Acquisition Method of Accounting
The acquisition method of accounting is an approach used to record and report financial information when one company acquires another company. Under this method, the acquiring company combines the financial statements of the acquired company with its own financial statements. The acquisition method follows specific accounting principles and guidelines, as outlined by the Generally Accepted Accounting Principles (GAAP) in the United States and the International Financial Reporting Standards (IFRS) internationally.
The main steps involved in the acquisition method of accounting are:
- Identifying the acquirer: The first step is to determine which company is the acquirer (the company that obtains control over the acquired company).
- Determining the acquisition date: The acquisition date is the date when the acquirer gains control over the acquired company. This is typically when the acquisition transaction is closed and the acquirer starts consolidating the acquired company’s financial statements.
- Measuring the fair value of the acquired company: The acquirer must determine the fair value of the acquired company, which includes measuring the fair value of the identifiable assets acquired, the liabilities assumed, and any non-controlling interest in the acquired company.
- Recognizing and measuring goodwill or gain from a bargain purchase: Goodwill arises when the purchase price paid by the acquirer exceeds the fair value of the net identifiable assets acquired. If the fair value of the net identifiable assets exceeds the purchase price, it results in a gain from a bargain purchase.
- Consolidating financial statements: After measuring the fair values and recognizing goodwill or gain from a bargain purchase, the acquirer consolidates the acquired company’s financial statements with its own, combining the assets, liabilities, revenues, and expenses of both companies into a single set of financial statements.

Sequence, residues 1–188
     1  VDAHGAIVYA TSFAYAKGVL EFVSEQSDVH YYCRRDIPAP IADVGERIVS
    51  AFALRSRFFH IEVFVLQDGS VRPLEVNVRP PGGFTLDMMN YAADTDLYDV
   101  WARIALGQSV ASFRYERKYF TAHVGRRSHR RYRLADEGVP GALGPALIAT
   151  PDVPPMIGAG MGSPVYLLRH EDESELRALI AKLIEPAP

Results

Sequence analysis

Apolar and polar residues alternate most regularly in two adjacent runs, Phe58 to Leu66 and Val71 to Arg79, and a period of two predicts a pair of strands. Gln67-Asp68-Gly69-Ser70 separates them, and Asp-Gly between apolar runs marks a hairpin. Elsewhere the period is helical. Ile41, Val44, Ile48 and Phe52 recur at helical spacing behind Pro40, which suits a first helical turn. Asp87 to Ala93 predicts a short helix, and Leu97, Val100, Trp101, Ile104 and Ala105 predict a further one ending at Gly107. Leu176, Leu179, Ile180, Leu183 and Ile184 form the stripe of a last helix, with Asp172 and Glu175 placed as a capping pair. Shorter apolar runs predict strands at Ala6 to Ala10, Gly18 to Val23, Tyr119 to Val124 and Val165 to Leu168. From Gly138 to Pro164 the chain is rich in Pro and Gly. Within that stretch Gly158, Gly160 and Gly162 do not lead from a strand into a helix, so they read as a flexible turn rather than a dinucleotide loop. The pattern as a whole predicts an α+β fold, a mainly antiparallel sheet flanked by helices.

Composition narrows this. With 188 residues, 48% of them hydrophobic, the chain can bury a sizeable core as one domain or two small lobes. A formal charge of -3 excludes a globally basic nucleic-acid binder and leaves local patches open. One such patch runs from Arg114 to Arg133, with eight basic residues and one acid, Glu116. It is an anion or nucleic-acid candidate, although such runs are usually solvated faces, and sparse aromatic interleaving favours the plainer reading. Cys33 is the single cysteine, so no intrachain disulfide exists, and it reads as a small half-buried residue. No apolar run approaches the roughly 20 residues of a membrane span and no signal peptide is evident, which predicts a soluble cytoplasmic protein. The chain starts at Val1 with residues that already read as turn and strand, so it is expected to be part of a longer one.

By following the acquisition method of accounting, companies can accurately reflect the financial impact of an acquisition and provide a clearer picture of the combined entity’s financial position and performance to investors, regulators, and other stakeholders.
Example of Acquisition Method of Accounting
Let’s consider a hypothetical example of the acquisition method of accounting. Suppose Company A acquires Company B for $1 million. Here’s how the acquisition would be accounted for using the acquisition method:
- Identifying the acquirer: Company A is the acquirer, as it is obtaining control over Company B.
- Determining the acquisition date: Let’s say the acquisition transaction closes on June 1, 2023. This is the date when Company A gains control over Company B, and it will be considered the acquisition date.
- Measuring the fair value of the acquired company:
- Company B’s identifiable assets at fair value: $800,000
- Company B’s liabilities at fair value: $200,000
- Net identifiable assets: $800,000 (assets) – $200,000 (liabilities) = $600,000
- Recognizing and measuring goodwill or gain from a bargain purchase:
- Purchase price: $1,000,000
- Fair value of net identifiable assets: $600,000
- Goodwill: $1,000,000 (purchase price) – $600,000 (fair value of net identifiable assets) = $400,000
- Consolidating financial statements: Company A will consolidate Company B’s financial statements with its own by adding the fair values of Company B’s assets and liabilities to its balance sheet. Company A will also recognize the goodwill of $400,000 as an intangible asset on its balance sheet.
In summary, Company A acquired Company B for $1 million, resulting in $400,000 of goodwill. Company A will consolidate the financial statements of both companies, reflecting the combined assets, liabilities, revenues, and expenses in its financial reporting.